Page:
General Practice, Solo & Small Firm DivisionMagazine

 

The Business of Law ®/Edward Poll

Edward Poll, J.D., M.B.A., CMC, is a certified management consultant in Los Angeles who advises lawyers and law firms on how to deliver their services more effectively while increasing profits. He is the author of

Secrets of the Business of Law: Successful Practices for Increasing Your Profits and The Profitable Law Office Handbook: Attorney’s Guide to Successful Business Planning . To comment on this column, call 800/837-5880 or send e-mail to edpoll@lawbiz.com .

Staying in Business, Even on Vacation

My wife and I have a second home in the mountains of Mammoth, California. We drive there from Los Angeles periodically throughout the year to hike, bike, ski, and basically unwind. Because it was impractical to do so in the past, I never thought of it as an office. It was a place to escape to, a place to leave the business behind.

Of course, work for a consultant doesn’t really ever stop, so whenever we left for the mountains, my assistant held down the fort back at the office, answering phones and handling the various needs of my clients. If there were a challenge or question, I was always reachable by phone.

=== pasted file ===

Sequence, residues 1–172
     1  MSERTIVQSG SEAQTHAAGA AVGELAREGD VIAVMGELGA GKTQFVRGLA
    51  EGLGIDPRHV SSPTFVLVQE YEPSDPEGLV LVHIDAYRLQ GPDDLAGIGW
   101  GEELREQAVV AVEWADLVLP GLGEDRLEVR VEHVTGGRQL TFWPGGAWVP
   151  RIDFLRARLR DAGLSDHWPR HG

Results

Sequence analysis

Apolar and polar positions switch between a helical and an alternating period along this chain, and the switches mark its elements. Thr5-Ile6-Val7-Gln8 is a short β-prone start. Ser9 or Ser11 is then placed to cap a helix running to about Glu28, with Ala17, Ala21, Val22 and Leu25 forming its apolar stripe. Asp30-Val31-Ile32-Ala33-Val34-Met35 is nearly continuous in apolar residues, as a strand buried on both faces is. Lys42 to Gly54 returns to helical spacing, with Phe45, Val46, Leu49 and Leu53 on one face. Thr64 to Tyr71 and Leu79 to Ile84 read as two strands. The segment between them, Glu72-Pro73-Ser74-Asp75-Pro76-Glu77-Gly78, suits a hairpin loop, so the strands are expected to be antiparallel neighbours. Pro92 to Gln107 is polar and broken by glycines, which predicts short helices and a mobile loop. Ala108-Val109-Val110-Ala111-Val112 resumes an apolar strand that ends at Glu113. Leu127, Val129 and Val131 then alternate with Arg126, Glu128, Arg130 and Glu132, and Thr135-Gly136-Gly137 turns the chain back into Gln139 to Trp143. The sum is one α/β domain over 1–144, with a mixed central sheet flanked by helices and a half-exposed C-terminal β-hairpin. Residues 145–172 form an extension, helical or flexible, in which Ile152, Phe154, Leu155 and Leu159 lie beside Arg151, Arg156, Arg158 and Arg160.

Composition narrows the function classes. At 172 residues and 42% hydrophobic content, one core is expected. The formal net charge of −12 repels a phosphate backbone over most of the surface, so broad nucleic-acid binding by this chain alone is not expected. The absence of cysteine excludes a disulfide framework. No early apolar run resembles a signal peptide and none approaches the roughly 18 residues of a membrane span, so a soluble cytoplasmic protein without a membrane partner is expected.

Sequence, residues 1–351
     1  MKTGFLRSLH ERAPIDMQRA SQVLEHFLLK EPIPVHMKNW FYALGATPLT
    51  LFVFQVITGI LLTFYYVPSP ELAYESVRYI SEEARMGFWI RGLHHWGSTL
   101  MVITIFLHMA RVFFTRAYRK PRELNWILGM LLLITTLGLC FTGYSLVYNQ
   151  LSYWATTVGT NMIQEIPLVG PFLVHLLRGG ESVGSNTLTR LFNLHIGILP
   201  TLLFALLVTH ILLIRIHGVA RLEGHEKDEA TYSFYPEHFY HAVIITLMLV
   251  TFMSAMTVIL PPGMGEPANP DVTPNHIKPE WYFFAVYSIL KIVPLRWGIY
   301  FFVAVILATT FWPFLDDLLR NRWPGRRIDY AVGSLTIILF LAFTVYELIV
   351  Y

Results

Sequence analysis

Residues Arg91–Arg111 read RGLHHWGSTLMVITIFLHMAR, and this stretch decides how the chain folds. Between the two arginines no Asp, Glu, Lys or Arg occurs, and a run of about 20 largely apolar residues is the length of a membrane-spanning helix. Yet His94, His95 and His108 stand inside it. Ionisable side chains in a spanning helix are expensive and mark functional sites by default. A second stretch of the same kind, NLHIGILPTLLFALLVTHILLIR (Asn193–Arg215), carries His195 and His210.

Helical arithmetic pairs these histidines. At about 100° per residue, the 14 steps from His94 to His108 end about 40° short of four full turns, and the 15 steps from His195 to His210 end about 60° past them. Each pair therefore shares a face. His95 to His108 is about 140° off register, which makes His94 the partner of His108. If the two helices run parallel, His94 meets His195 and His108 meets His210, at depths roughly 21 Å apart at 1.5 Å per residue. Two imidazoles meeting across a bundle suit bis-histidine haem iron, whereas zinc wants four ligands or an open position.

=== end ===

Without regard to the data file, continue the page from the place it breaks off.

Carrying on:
Then, when my wife became my assistant, I was suddenly faced with a problem. Since my assistant would now be traveling with me, this would leave my regular office unattended. I realized that for me to continue to take vacations—with my wife—I needed to come up with a way to bring the work—and the world—with me to the mountains. For the first time, I truly needed to be a “wired, virtual consultant.” Someone who wouldn’t be chained to the office, but who was still present and available to clients at all times. This is how I did it, and the lessons can apply to most solo or small firm practitioners.

Simple Solutions